Pufferfish are a weird group of fish with a reduced skeleton, beak-like dentition and “spines” – spiky skin structures – in certain patches around their bodies. But how and why these oddities developed remains a mystery.
Pufferfish also have a unique ability to inflate their bodies when threatened or trying to fend off predators. This increase in size (almost double vertically) reduces their range of potential threats and provides a second defense: sharp spines that radiate outward from the body when it’s puffed up.
Puffer fish are some of the most bizarre animals in the ocean. Their body is shaped like a balloon, and they have spiky skin spikes called spines that stick out of the surface of their bodies.
When threatened, pufferfish inflate their bodies by pumping water into their stomachs, which then expands and unfolds to fill gaps beneath their head, dorsal fins, anal fins, and caudal peduncles, and even their mouths! This unusual behavior has helped these fish survive in many environments.
Researchers have recently studied the development of spines in pufferfish and discovered that these spikey skin structures are derived from a single collection of genes, just like feathers and hair. This discovery is an important breakthrough for scientists working on ways to help animals survive in the face of climate change and other threats, says Gareth Fraser, the lead author on the study published July 25 in iScience.
In addition, he notes that the diversity of spine layout and morphology observed throughout this group of teleosts is a unique feature of their skin ornamentation. This morphological variation may have arisen through adaptation to different ecological pressures, or it could simply be a result of the natural selection of different morphologies in this highly derived order.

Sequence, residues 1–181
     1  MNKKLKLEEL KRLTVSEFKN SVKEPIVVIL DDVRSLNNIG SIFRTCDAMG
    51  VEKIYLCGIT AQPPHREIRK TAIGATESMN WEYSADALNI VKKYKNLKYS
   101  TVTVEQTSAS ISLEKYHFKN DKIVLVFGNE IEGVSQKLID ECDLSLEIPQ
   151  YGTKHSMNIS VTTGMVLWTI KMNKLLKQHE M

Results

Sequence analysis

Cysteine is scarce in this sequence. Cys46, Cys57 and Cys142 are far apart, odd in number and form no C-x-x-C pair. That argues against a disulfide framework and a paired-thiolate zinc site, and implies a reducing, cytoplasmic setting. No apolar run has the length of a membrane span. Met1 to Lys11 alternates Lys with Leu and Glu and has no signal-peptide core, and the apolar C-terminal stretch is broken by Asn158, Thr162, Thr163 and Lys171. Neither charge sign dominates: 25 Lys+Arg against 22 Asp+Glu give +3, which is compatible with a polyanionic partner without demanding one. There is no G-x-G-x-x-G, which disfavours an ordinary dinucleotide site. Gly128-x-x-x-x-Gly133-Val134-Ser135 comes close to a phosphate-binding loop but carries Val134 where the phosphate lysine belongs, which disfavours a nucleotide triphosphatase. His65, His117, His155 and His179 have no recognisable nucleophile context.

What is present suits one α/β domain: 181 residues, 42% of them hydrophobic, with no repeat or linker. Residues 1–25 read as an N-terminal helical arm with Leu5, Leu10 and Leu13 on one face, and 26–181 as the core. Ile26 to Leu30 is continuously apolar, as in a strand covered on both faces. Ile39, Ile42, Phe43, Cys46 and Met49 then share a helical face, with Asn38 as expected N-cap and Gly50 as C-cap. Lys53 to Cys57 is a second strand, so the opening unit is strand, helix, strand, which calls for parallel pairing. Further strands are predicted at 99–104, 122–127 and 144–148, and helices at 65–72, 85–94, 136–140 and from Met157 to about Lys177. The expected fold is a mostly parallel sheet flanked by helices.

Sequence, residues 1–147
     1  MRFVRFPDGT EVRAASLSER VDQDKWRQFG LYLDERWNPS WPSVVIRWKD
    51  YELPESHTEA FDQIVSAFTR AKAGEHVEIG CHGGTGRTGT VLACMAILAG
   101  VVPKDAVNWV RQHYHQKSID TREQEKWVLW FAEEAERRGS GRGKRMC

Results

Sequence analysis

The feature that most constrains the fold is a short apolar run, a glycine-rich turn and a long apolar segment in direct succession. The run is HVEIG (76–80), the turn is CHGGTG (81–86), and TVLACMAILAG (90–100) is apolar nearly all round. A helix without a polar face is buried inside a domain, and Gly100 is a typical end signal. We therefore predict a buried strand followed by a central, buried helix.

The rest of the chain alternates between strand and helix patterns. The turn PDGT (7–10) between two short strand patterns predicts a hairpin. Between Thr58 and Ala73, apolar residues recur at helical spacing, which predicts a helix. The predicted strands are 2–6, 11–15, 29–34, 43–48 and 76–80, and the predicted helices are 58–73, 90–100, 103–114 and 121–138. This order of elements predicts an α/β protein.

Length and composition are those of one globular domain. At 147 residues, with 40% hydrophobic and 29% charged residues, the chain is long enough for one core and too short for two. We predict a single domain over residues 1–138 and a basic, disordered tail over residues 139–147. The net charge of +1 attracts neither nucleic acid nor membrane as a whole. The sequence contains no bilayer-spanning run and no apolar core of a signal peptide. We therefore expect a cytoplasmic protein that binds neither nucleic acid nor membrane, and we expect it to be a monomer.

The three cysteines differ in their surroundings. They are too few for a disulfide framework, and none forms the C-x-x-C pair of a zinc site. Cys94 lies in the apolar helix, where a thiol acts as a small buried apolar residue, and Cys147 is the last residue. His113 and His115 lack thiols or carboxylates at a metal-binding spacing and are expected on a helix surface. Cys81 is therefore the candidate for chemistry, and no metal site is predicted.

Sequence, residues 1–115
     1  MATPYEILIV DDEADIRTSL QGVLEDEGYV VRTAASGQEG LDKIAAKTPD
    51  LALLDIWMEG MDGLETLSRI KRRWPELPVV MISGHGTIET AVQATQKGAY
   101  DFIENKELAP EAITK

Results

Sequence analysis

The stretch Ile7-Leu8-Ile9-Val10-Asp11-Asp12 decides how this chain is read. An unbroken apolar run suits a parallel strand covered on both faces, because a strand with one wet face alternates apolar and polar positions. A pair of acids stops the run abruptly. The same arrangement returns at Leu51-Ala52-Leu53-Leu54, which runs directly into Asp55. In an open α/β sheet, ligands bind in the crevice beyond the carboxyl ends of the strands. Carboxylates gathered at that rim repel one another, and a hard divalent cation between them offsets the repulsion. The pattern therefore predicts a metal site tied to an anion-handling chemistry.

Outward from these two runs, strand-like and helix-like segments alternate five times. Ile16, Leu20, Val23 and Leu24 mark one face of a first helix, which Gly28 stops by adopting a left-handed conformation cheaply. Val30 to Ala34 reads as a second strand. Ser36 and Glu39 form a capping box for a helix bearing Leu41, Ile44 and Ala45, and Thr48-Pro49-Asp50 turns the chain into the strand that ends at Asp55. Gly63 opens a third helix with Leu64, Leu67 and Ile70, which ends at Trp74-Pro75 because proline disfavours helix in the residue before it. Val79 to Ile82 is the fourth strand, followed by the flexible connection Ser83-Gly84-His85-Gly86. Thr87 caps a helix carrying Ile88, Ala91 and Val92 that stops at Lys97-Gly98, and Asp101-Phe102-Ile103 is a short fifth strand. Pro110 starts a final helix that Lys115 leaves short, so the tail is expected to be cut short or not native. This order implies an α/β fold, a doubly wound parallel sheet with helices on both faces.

To understand the evolutionary origins of these spiky skin structures, the research team examined the development of spines in pufferfish embryos. They found that the spines formed independently of scales and were developmentally unique from them.
The researchers used this discovery as a jumping-off point for further investigation into how skin appendages are developed in other vertebrate species, such as zebrafish, mouse hair, and chicken feathers. They also showed that a similar genetic network triggered the development of these spikey skin structures in these animals as well, confirming recent findings from other studies that this set of genes is responsible for all animal skin appendages.
In addition to demonstrating that the same genetic network is responsible for all animal skin appendages, the study also found that this same gene set can be manipulated to reduce the number of spines on an individual pufferfish. This is the first time that this has been done in a non-human animal, and it suggests that these morphologically diverse ornamentations are based on a simple evolutionarily adaptive mechanism.
The skeleton of a puffer fish is quite unusual. It is a reduced skeleton, with beak-like dentition and spiky skin structures called spines in certain patches around the body (see the image below).
Pufferfish have a strange ability to inflate their bodies, which can increase them several times their original size. This is a defense mechanism that allows the fish to deter predators and avoid predation when it is in its inflated state.
When the fish inflates, it essentially absorbs air from its surroundings and expands by pumping water into its stomach. This expansion is a natural process, which requires an extremely elastic stomach and special muscles to move the water in and out of it.
However, the tetrodotoxin that makes up most of the body of a pufferfish is deadly to both humans and other marine creatures. When swallowed, it can cause death in an instant, even when there is no visible signs of inflation.
The toxins are found in the ovaries, roe, and liver, and in smaller amounts in the skin and intestines. Concentrations are higher in females and peak during spawning season.
TTX production is thought to be the result of a bacterial symbiont that lives in the intestines of tetrodotoxin bearing animals. Various bacterial strains are known to produce the toxin, but it is most commonly detected in shellfish and puffer fish species.
Researchers have recently discovered that the spiky spines of pufferfish are not simply an evolution of scales, but actually developed as an anti-predator defense. The researchers found that pufferfish spines are developed using the same genetic network that gives birds their feathers and other animals hair.